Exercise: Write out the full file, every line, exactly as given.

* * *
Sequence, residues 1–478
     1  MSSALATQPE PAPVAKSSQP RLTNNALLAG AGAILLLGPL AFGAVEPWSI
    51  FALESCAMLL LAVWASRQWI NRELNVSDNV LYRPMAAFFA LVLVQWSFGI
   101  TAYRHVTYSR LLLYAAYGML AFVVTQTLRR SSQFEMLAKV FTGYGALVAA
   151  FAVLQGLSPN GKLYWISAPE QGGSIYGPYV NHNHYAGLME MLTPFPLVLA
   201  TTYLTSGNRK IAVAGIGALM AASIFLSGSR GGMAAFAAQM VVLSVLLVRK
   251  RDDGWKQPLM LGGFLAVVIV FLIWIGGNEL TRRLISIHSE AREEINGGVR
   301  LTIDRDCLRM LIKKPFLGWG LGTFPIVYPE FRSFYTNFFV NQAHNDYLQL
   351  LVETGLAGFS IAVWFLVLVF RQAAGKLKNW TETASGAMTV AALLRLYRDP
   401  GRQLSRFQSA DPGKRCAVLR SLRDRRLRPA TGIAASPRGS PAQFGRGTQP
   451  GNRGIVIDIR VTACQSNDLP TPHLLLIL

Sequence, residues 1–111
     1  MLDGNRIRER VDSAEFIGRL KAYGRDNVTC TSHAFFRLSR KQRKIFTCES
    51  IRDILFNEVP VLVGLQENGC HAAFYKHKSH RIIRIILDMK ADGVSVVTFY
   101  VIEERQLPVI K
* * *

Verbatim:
Sequence, residues 1–478
     1  MSSALATQPE PAPVAKSSQP RLTNNALLAG AGAILLLGPL AFGAVEPWSI
    51  FALESCAMLL LAVWASRQWI NRELNVSDNV LYRPMAAFFA LVLVQWSFGI
   101  TAYRHVTYSR LLLYAAYGML AFVVTQTLRR SSQFEMLAKV FTGYGALVAA
   151  FAVLQGLSPN GKLYWISAPE QGGSIYGPYV NHNHYAGLME MLTPFPLVLA
   201  TTYLTSGNRK IAVAGIGALM AASIFLSGSR GGMAAFAAQM VVLSVLLVRK
   251  RDDGWKQPLM LGGFLAVVIV FLIWIGGNEL TRRLISIHSE AREEINGGVR
   301  LTIDRDCLRM LIKKPFLGWG LGTFPIVYPE FRSFYTNFFV NQAHNDYLQL
   351  LVETGLAGFS IAVWFLVLVF RQAAGKLKNW TETASGAMTV AALLRLYRDP
   401  GRQLSRFQSA DPGKRCAVLR SLRDRRLRPA TGIAASPRGS PAQFGRGTQP
   451  GNRGIVIDIR VTACQSNDLP TPHLLLIL

Sequence, residues 1–111
     1  MLDGNRIRER VDSAEFIGRL KAYGRDNVTC TSHAFFRLSR KQRKIFTCES
    51  IRDILFNEVP VLVGLQENGC HAAFYKHKSH RIIRIILDMK ADGVSVVTFY
   101  VIEERQLPVI K